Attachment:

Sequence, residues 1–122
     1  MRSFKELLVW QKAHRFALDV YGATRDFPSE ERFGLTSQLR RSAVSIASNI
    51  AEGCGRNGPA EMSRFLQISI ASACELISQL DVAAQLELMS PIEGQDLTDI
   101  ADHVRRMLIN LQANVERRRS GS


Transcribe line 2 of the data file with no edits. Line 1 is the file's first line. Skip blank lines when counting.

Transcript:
     1  MRSFKELLVW QKAHRFALDV YGATRDFPSE ERFGLTSQLR RSAVSIASNI